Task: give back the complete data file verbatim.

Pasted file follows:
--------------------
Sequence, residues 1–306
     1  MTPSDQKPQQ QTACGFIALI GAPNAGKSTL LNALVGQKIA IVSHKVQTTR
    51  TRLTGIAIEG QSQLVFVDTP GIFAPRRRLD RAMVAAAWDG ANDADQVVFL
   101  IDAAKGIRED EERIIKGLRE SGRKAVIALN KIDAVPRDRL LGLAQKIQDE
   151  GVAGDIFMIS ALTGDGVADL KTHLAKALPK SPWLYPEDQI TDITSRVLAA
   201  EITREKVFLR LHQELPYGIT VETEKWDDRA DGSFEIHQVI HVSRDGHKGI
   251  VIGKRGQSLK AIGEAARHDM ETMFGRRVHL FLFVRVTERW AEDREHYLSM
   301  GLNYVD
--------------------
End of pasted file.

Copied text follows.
Sequence, residues 1–306
     1  MTPSDQKPQQ QTACGFIALI GAPNAGKSTL LNALVGQKIA IVSHKVQTTR
    51  TRLTGIAIEG QSQLVFVDTP GIFAPRRRLD RAMVAAAWDG ANDADQVVFL
   101  IDAAKGIRED EERIIKGLRE SGRKAVIALN KIDAVPRDRL LGLAQKIQDE
   151  GVAGDIFMIS ALTGDGVADL KTHLAKALPK SPWLYPEDQI TDITSRVLAA
   201  EITREKVFLR LHQELPYGIT VETEKWDDRA DGSFEIHQVI HVSRDGHKGI
   251  VIGKRGQSLK AIGEAARHDM ETMFGRRVHL FLFVRVTERW AEDREHYLSM
   301  GLNYVD